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The struggling outsourcer Interserve finally called in the administrators. Unlike Carillion, the demise of the firm has been orderly and public contracts have been protected whilst the firm's lenders arrange for a sale of the firm.
The failure has raised a question about public contracting and whether it is meeting the needs of citizens. Since the demise of Carillion it has been common to hear people ask, "how do you fix public contracting?"
It is important to gain some perspective at this point. Most contracting is successful. Buyers work hard to make the right decisions to protect public money and to deliver a service in the best way possible. It is those buyers that keep our roads functioning, our waste collected, our forces armed and our hospitals equipped.
When things do go wrong, they go wrong in a way that invites mockery: eye-watering numbers, ferry companies without ferries, buildings without working services, fantasy budgets and smiling consultants. (No public contracting scandal is complete without a full set of smiling consultants).
If there is a single problem with procurement it is that we're not good enough at identifying the problems that occurred, and then diagnosing how to prevent the problem in the future. The real problem is that we simply don't know when public contracts go wrong a lot of the time, or whether they were value for money. In fact, we often don't know where the contracts are in the first place.
There is a huge opportunity being wasted here. With good information on our public contracting, we could do so much more to understand what works. Data analytics allows us to do so much more.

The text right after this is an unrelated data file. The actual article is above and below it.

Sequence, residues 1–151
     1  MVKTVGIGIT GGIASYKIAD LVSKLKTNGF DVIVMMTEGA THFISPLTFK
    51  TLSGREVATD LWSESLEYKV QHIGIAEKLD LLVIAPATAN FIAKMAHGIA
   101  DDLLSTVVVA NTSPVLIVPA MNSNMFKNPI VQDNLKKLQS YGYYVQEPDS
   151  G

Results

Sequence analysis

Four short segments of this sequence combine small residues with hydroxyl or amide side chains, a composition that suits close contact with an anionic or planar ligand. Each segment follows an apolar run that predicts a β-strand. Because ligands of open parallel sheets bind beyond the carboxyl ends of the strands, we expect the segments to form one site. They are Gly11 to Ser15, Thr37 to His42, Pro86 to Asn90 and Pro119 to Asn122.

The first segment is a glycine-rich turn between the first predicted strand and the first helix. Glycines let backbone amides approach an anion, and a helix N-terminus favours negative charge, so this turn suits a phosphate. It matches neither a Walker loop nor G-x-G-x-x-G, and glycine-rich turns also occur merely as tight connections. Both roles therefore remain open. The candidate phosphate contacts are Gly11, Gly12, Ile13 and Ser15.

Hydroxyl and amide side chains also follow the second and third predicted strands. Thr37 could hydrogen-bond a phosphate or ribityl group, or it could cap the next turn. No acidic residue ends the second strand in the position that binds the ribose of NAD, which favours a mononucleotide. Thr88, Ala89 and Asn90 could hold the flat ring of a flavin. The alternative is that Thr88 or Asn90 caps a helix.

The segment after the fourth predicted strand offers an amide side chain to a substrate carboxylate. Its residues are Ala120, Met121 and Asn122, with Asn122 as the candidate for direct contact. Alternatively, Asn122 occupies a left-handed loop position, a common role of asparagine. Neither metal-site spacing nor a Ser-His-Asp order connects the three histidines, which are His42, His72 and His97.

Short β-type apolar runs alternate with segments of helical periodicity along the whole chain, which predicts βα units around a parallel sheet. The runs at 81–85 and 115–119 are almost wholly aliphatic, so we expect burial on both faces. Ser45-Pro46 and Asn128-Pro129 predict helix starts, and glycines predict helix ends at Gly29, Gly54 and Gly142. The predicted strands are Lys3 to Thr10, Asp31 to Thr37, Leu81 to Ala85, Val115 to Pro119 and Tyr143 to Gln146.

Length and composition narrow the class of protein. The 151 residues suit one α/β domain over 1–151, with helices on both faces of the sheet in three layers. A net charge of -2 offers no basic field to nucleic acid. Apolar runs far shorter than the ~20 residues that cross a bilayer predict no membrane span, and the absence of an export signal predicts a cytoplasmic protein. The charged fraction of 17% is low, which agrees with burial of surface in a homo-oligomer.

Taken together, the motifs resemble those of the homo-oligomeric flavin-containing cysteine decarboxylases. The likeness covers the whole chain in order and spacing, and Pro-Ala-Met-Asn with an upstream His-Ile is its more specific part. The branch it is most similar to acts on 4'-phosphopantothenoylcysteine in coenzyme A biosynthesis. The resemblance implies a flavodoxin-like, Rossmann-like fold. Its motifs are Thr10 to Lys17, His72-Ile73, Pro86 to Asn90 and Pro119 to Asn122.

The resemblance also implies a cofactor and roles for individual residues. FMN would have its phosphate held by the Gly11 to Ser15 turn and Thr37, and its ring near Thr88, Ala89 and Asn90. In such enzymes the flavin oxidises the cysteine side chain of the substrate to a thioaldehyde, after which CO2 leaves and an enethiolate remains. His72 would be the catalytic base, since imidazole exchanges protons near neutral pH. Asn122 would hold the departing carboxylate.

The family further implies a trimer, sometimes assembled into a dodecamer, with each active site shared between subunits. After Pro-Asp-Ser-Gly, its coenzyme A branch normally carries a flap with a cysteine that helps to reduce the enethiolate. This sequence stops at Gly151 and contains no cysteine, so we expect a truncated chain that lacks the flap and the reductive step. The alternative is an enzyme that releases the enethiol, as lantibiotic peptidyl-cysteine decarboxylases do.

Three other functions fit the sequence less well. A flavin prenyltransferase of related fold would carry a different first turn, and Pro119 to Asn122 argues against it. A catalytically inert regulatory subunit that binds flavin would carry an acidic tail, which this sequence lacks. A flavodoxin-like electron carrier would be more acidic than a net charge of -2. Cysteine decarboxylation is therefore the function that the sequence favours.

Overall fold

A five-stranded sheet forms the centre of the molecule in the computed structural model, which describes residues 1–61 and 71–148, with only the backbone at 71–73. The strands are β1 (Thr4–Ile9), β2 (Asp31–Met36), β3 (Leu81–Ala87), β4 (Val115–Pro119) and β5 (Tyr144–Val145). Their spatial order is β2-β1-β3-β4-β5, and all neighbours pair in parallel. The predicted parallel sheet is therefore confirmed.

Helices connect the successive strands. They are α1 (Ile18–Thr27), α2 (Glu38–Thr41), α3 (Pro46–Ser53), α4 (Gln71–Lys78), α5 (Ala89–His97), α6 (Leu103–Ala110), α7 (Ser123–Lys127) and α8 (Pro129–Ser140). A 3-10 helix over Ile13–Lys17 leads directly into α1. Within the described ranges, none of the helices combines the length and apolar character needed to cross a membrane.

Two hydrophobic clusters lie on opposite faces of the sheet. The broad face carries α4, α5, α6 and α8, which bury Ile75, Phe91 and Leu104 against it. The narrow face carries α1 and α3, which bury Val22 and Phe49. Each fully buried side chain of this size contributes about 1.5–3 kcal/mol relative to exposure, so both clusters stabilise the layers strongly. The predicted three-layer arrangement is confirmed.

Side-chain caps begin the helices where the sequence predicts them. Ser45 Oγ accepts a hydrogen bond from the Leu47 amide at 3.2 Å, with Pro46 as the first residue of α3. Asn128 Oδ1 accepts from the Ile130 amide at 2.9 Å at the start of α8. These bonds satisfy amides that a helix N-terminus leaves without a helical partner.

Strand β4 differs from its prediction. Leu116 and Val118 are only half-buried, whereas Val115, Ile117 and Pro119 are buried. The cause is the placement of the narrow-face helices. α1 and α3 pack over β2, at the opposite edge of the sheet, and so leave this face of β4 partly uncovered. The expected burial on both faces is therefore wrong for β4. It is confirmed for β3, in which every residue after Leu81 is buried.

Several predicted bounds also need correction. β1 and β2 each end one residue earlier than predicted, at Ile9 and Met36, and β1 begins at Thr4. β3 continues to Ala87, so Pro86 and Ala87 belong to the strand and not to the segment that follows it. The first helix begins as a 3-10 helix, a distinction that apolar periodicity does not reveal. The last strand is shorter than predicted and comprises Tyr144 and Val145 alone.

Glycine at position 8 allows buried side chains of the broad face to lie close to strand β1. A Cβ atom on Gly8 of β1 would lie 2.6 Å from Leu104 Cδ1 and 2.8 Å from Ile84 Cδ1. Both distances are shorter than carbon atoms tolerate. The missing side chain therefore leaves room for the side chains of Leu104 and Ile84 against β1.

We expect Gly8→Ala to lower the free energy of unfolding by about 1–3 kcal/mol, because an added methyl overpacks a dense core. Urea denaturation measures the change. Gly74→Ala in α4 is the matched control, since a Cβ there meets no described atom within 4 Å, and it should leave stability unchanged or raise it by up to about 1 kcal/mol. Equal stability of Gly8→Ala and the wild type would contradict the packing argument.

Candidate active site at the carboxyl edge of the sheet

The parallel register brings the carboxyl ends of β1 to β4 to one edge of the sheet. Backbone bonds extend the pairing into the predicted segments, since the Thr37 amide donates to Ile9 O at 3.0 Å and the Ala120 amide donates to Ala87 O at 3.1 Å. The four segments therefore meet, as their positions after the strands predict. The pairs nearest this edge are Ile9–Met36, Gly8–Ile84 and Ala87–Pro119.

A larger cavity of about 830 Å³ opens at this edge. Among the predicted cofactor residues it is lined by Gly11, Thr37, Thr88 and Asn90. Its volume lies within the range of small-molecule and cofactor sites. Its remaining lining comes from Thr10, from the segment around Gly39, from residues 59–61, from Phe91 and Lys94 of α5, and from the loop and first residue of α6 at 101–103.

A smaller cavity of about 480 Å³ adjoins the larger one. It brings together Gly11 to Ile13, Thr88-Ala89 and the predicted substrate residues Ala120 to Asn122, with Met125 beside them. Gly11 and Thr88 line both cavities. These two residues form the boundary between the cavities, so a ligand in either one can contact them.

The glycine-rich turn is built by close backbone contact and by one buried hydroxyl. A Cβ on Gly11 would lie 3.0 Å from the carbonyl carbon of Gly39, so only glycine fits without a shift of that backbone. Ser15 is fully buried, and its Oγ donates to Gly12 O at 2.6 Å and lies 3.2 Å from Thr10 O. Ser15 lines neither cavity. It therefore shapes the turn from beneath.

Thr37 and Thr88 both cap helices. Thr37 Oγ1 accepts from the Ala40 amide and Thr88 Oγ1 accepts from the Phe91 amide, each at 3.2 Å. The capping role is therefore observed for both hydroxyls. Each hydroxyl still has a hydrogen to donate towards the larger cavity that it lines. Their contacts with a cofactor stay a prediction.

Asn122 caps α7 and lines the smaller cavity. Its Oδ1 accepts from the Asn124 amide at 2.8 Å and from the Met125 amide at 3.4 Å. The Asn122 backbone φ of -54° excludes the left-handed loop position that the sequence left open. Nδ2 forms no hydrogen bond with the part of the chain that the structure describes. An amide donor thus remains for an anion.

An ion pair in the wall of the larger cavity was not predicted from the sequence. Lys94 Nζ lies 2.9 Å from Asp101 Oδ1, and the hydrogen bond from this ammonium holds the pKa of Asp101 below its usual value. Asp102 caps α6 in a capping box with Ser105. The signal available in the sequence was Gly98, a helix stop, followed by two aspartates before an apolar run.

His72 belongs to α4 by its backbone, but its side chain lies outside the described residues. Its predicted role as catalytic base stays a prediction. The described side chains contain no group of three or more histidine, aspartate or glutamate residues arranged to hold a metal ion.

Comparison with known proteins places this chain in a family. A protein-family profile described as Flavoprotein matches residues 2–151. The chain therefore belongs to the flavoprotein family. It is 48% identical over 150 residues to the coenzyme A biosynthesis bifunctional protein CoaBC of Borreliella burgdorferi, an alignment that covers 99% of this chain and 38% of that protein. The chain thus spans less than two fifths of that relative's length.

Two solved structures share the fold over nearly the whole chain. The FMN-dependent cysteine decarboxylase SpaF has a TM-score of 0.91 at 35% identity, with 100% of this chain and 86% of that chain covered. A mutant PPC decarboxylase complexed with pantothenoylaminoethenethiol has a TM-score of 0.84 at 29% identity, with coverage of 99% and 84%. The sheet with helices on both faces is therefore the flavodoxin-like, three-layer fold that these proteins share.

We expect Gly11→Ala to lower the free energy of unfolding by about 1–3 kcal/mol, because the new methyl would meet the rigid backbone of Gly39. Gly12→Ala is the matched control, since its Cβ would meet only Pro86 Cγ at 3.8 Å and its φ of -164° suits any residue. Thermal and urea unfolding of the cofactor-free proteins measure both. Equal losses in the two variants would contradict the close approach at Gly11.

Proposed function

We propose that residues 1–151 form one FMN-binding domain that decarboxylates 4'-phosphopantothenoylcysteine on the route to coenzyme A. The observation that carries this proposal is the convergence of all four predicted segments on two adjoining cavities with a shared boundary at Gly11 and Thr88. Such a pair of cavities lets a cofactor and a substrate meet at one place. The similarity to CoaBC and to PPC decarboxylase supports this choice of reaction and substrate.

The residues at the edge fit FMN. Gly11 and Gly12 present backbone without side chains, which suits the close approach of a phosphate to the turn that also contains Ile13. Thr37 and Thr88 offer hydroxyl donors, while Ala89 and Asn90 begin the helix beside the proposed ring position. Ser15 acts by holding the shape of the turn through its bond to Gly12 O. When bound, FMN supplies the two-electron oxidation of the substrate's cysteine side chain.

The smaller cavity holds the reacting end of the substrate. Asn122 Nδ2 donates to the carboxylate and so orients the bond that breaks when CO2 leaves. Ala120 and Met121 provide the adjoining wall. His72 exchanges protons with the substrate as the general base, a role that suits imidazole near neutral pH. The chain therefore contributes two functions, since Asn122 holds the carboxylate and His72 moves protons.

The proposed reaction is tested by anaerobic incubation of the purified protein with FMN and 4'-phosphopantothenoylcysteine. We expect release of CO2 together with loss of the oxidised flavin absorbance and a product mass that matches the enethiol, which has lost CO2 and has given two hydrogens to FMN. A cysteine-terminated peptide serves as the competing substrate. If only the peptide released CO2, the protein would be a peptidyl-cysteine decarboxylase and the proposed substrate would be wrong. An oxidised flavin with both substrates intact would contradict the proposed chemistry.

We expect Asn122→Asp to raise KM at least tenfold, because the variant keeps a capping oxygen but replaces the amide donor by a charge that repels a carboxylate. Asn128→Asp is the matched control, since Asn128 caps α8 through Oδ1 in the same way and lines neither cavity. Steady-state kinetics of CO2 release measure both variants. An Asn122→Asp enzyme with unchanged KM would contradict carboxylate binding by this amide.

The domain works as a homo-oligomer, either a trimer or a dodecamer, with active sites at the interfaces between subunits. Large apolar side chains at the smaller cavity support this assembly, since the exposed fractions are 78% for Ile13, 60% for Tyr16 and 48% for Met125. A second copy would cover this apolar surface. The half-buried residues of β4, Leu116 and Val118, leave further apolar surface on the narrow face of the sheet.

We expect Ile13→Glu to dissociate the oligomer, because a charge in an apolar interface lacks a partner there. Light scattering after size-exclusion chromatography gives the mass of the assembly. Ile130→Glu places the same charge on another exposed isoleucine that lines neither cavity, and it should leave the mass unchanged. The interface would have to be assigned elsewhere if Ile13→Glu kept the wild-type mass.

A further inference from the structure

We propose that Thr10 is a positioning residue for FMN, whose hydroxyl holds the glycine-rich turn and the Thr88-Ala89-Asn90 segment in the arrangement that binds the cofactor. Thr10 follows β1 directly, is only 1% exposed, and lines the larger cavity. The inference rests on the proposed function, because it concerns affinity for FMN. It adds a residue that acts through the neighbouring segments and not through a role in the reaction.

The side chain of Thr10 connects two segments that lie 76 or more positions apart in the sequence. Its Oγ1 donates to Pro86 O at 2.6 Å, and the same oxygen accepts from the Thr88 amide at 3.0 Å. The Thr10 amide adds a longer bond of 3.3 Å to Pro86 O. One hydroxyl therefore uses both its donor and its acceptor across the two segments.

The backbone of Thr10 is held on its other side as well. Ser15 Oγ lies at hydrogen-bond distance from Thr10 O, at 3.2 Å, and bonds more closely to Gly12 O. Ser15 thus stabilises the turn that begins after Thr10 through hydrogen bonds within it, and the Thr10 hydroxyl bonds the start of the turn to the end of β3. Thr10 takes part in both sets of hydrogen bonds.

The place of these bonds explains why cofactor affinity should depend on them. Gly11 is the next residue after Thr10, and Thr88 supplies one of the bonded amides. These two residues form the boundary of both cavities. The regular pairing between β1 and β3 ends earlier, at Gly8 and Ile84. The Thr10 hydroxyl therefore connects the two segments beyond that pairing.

What if you could predict that a tender with certain attributes will reduce the number of bids and drive up the price of your tender? What if you could know that a given supplier routinely exceeded budgets by 10%? What if you could spot fraud and collusion more easily?
All of this is possible today, if we had good data. But we simply don't know enough about where the contracts are, exactly who won those contracts and whether the contract delivered on-time and on-budget. It doesn't matter what you wish to focus on, perhaps it is driving more contracts to small business, if you set up a system to measure the inputs and outcomes from procurements, you can determine what works and what does not.
So instead of implementing big, far-reaching policies that seem to fail, we can use the data to get into the weeds and make the changes buyer by buyer, supplier by supplier, tender by tender. The UK public sector spends £840bn per annum on contracting, but we have little evidence that demonstrates how successful that contracting is. Our own eyes tell us that works, but with data we could do so much more.
There's a fantastic opportunity to use data to isolate and predict what will deliver the very best outcomes. The film Moneyball portrayed the use of statistical analysis to create advantage in professional baseball, its time to do the same for our procurement. Diagnose the problems, implement the fixes, rinse and repeat.